On Sept. 29, 2020, voters bore witness to the first presidential debate between former vice president Joe Biden and President Donald Trump. With moderator Chris Wallace at the helm, no topic was spared in the bonkers 90-minute mud-slinging slugfest. “That debate was the worst thing I’ve ever seen & I was in The Star Wars Holiday Special,” actor Mark Hamill, aka Luke Skywalker, jokingly tweeted. Yet, while there weren’t any lightsabers at this particular duel, Trump did take aim at Biden’s oft-controversial son Hunter.
In a particularly feisty moment from the debate, Trump brought up the former military serviceman’s issues with addiction — Hunter was administratively discharged for cocaine use — and his foreign dealings. Per Politico, the Republican-led Senate launched an investigation into the former lawyer’s relationship with Ukrainian energy company Burisma, a name we probably haven’t heard the last of this election. However, Forbes since chalked those accusations up to, in the president’s words, “a big ‘nothingburger.” Unmentioned was the child he fathered with an adult dancer while dating his deceased brother Beau’s widow (via Page Six). Regardless, it’s clear Hunter is a touchy topic for his father Joe.
But Hunter has found an inspiring way to overcome his addiction that has nothing to do with politics. However, it is an activity other political figures, including good ol’ “Dubya,” have also embraced in recent years. Read on to learn about Hunter’s surprising new career path.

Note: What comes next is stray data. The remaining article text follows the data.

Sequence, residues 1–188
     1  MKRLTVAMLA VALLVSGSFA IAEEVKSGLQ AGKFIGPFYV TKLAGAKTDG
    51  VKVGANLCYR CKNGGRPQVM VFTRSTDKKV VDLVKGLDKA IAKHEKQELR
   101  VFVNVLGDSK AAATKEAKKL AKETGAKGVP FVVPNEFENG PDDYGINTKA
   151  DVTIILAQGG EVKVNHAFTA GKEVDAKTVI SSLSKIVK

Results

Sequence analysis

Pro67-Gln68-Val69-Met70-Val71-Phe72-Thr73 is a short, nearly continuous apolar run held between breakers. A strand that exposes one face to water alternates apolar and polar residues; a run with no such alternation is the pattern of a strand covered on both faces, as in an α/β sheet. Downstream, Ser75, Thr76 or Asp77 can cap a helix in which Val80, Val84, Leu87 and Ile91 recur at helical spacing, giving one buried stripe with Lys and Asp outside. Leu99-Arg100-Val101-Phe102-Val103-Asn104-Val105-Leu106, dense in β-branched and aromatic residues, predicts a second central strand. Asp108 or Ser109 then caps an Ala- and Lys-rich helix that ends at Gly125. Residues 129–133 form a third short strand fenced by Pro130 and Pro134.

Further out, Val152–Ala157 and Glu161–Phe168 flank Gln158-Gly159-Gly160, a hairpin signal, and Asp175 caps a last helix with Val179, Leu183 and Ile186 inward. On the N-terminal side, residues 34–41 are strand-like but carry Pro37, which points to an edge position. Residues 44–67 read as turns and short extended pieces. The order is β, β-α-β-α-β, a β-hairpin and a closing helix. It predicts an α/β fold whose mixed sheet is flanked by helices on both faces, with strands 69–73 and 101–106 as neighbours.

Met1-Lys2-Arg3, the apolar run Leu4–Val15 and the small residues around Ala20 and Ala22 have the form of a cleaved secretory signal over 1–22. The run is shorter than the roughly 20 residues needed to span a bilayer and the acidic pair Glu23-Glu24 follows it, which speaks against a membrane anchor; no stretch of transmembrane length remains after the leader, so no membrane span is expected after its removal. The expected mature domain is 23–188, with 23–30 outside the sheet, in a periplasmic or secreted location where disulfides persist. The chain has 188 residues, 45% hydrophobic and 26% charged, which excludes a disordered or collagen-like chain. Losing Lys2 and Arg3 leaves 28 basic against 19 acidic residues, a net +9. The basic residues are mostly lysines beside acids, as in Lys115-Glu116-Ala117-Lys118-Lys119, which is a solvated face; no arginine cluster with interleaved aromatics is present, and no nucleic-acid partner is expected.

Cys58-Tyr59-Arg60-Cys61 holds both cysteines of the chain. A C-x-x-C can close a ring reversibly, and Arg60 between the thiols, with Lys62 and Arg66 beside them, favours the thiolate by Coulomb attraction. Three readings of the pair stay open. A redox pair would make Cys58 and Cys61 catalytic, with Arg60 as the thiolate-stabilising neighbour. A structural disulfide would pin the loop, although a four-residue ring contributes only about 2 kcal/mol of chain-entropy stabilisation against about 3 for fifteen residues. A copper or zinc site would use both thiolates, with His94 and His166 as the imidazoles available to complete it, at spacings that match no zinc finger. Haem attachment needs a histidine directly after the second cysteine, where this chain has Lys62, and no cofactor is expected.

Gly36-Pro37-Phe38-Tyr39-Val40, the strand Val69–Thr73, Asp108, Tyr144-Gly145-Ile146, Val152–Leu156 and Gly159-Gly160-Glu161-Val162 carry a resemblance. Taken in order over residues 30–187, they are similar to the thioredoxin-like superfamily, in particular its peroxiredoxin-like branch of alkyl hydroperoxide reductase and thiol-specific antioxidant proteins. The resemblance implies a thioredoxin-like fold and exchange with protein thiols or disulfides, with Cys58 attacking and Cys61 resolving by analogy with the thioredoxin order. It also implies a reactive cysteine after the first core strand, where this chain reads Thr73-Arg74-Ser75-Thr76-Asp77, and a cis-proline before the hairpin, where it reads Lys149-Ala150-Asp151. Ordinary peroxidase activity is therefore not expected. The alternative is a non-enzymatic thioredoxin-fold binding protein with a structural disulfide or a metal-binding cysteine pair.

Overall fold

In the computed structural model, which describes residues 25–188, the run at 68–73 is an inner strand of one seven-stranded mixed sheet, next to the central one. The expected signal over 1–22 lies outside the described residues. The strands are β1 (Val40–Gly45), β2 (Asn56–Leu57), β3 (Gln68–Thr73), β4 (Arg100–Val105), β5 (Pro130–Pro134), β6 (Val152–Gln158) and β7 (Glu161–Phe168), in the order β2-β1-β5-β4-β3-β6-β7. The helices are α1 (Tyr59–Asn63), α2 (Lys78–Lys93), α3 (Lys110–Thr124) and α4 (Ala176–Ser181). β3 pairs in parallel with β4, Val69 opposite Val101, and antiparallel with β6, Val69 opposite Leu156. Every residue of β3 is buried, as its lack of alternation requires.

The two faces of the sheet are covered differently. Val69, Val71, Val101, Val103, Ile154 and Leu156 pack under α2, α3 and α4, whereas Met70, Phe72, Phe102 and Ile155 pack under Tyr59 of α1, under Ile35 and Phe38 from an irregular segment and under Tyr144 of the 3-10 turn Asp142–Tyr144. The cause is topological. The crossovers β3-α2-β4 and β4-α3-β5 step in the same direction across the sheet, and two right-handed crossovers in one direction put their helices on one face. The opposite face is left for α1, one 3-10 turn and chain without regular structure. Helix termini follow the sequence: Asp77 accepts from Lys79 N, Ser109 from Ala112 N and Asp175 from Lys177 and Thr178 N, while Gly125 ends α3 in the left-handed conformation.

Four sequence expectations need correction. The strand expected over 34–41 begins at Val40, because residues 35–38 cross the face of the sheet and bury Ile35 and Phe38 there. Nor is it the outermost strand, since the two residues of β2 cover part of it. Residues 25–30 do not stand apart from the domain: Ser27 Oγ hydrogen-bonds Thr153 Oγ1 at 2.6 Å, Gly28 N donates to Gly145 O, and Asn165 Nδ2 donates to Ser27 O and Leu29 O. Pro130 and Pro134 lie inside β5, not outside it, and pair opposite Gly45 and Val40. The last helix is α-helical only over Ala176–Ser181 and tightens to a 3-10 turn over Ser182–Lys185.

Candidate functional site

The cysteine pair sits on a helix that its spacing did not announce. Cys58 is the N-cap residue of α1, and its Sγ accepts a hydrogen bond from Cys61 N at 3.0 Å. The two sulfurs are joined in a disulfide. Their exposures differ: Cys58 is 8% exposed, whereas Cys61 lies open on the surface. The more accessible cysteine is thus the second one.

Hunter Biden's new gig shields him from 'people and places where I shouldn't be'
So what’s Hunter Biden’s new career move? Well, Hunter is starting with a clean slate career-wise, or rather, a blank canvas! It seems Joe Biden’s controversial son is having a brush (wink wink) with painting! Hunter told The New York Times in February 2020 that doing so has helped him overcome his addiction, steer clear of the press, and more. “[Art] keeps me away from people and places where I shouldn’t be,” he said. According to ArtNet, his works often involve “blowing alcoholic ink with a metal straw [and] saturating Japanese Yupo paper with spore-like rings of muted color.” Neat!
Per NYT, Hunter paints out of a pool house-turned-studio in Hollywood Hills, Calif. where he is renting a home. He’s made more than 100 pieces and works throughout the day. “For years I wouldn’t call myself an artist,” Hunter explained. “Now I feel comfortable saying it.” After all, Hunter has come a long way since the tragic death of brother Beau, an event that triggered a years-long “nightmare” for the younger sibling, as he “was addicted to crack for four years.”
While Hunter’s painting is certainly a healthier chapter, his works may not be a “stroke” of genius. Jerry Saltz, New York magazine critic, characterized his paintings to ArtNet as “Generic Post Zombie Formalism illustration.” Ouch. Meanwhile, he’s not alone. Former President George W. Bush has also turned to painting in recent years, though his works are more…portrait-like. Who knows, maybe they can open a gallery together one day!
If you or someone you know is struggling with substance abuse and mental health, please contact SAMHSA’s 24-hour National Helpline at 1-800-662-HELP (4357).
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